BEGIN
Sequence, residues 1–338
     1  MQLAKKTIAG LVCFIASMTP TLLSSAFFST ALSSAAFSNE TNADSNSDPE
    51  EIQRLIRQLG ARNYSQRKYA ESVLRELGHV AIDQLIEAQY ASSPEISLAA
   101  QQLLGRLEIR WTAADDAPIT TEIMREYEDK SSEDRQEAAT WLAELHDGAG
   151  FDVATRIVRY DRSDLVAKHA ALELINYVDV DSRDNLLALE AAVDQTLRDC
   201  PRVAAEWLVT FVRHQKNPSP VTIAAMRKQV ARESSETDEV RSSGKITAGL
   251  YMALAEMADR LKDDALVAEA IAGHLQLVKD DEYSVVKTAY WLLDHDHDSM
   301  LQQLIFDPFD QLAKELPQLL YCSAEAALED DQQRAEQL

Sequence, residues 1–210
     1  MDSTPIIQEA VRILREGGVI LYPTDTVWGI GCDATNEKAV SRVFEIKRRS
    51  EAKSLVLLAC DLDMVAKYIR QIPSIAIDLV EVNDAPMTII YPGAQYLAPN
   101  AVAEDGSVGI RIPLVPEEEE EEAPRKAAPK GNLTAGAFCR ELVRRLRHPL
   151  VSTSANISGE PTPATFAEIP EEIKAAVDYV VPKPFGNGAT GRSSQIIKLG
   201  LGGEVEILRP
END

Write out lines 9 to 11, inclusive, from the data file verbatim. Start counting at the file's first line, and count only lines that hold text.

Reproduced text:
Sequence, residues 1–210
     1  MDSTPIIQEA VRILREGGVI LYPTDTVWGI GCDATNEKAV SRVFEIKRRS
    51  EAKSLVLLAC DLDMVAKYIR QIPSIAIDLV EVNDAPMTII YPGAQYLAPN